'Where the Wild Things Are'
Dir. Spike Jonze (Warner Bros.) -- 4 STARS
Ten plain lines and eighteen colorful illustrations—this is all that comprises Maurice Sendak’s beloved 1963 children’s book, “Where the Wild Things Are.” And yet, through the eyes of director Spike Jonze, Sendak’s anarchic world undergoes a creative transformation that reaches far beyond the modest offerings of the book. Jonze takes Sendak’s world of childhood rebellion and roguish imagination and spins it into an extended discourse on growing up and the importance of family.
The film begins with the same mischief that introduces the protagonist, Max, in the book. After a heated argument with his mother (Catherine Keener)—who goes unseen in the book—Max dons a tattered wolf costume, runs to the woods behind his house, and escapes by sea to an imaginary island. Residing there are nine enormous monsters known as the Wild Things. Though seemingly barbaric at first—upon Max’s arrival, they are destroying their homes by bonfire—these Wild Things are charmingly naïve and quickly proclaim Max their new king. The Wild Things entrust Max with the task of “keeping out the sadness,” a responsibility he confidently takes on for fear of being eaten. With this, he begins to mold his chaotic new kingdom into an idealistic one where, in his words, “only the things you want to happen, would happen”—albeit fleetingly.
Jonze, together with Dave Eggers—who dipped into screenwriting earlier this year with Sam Mendes’ “Away We Go”—crafted nine compassionate, insecure, and endearingly humorous beasts from the mute monsters of Sendak’s book. A compelling combination of animatronics and CGI, these gargantuan monsters come to life with the exceptional voice work of Oscar-winning greats like Forest Whitaker and Chris Cooper.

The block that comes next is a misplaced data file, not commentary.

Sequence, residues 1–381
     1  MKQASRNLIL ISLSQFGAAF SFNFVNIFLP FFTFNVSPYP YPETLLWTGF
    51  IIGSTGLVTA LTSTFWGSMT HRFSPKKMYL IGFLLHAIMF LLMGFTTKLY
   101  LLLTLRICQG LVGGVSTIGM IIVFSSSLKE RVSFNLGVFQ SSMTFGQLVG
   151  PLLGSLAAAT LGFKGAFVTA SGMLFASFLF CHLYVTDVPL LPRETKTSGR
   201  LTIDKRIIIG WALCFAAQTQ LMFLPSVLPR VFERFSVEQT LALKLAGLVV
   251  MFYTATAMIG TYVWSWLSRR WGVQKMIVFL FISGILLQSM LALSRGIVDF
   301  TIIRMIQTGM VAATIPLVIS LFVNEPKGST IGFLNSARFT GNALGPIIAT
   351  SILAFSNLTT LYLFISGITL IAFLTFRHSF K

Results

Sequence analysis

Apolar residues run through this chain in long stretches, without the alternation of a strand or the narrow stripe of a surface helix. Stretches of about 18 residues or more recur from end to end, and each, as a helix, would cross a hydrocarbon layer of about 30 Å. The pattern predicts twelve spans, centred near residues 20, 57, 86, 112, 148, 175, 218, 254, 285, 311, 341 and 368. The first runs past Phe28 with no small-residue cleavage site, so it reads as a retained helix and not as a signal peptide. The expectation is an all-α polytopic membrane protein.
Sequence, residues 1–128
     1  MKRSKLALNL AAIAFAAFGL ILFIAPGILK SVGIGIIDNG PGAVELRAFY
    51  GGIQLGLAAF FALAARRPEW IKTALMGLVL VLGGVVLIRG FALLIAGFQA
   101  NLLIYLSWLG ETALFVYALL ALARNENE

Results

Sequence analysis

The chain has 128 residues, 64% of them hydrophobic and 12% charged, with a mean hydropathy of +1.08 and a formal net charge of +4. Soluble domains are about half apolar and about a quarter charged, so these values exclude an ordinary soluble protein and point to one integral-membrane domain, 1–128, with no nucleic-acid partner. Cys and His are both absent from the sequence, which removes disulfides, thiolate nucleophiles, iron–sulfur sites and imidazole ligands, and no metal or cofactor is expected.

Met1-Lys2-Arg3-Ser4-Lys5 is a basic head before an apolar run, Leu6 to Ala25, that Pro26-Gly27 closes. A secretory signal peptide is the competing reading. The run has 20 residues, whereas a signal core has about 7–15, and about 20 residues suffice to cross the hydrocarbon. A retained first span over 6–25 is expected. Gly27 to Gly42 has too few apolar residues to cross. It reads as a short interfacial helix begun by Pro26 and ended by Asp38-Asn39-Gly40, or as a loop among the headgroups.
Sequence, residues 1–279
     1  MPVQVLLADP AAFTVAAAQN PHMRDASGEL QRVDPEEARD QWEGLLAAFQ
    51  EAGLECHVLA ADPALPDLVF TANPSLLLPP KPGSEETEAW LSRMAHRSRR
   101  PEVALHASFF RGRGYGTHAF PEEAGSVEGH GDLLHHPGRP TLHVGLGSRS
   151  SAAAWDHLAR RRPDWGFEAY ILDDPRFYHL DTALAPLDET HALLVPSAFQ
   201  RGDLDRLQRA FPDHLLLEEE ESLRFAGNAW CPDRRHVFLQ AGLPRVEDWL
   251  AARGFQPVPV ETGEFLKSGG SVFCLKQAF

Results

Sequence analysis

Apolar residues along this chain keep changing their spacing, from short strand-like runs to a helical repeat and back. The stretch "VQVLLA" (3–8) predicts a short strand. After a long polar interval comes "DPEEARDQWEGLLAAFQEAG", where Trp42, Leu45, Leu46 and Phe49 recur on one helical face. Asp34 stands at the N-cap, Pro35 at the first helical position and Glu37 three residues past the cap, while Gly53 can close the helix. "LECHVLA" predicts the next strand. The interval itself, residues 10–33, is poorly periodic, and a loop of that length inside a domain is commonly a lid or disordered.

The young Max Records, who was all of 9 when shooting for the film began, deserves special praise for his expressive portrayal of Max, convincingly presenting him as both obnoxious brat and benevolent dictator. Max emerges as a much more nuanced and developed character in the film than his literary counterpart. He is less impish and more thoughtful, and he experiences a more profound realization at the movie’s end. The creation and destruction of the home is a recurring motif. Max is seen building forts, igloos, and king’s quarters, but none of these endure or give him the safety he seeks. Likewise, the Wild Things are drawn to caves and attempt to construct their own safe refuge in the form of a large, wooden cocoon.
The movie’s two primary beasts are the temperamental Carol (voiced by James Gandolfini) and the pragmatic, restless KW (voiced by Lauren Ambrose), who, much like Max, flees her home seeking something more. Through the Wild Things’ search for a womb-like shelter free from loneliness, Max comes to understand his own need for the security provided by family.
Jonze imitates Sendak’s cramped illustrations of Max’s life at home with up-close, claustrophobic frames in the first part of the film. As the book continues, Sendak’s illustrations grow larger, eventually encompassing two pages; in the film, these expansive depictions of Max’s imagined realm become vast frames of striking deserts and forests that swallow viewers whole.
With so little written material from which to create a feature-length film, Jonze and Eggers’ plot understandably lacks direction at times. In one bizarre subplot, KW takes Max on a short journey to meet two of her friends. These turn out to be a pair of rowdy owls whose screeching cannot be understood by Max or the monsters. Scenes with these two characters seem largely out of place and even confusing when considering the larger narrative.
There are a few overlong scenes of island chaos, which don’t advance the plot, but these only add to the sense of harmless anarchy that Sendak evokes, and thus remain true to the book. These more trivial scenes are ultimately eclipsed by exceptionally poignant exchanges, in particular Max’s one-on-one conversations with Carol and KW. The audience realizes through these more personal scenes that very little separates these giant monsters from their young ruler.
“Where the Wild Things Are” is the first in a series of prominent children’s book adaptations that will hit theatres in the coming months, including Wes Anderson’s take on Roald Dahl’s “Fantastic Mr. Fox” and Tim Burton’s live-action remake of Lewis Carroll’s “Alice’s Adventures in Wonderland.” Thankfully, Jonze steers clear of the common, sanitized book-to-film route that so many directors have followed in the past. “Where the Wild Things Are” preserves the original’s crucial sense of magic and mischief, but its mature treatment of fear and loss is what makes it a truly memorable adaptation.
—Staff writer Andres A. Arguello can be reached at email@example.com.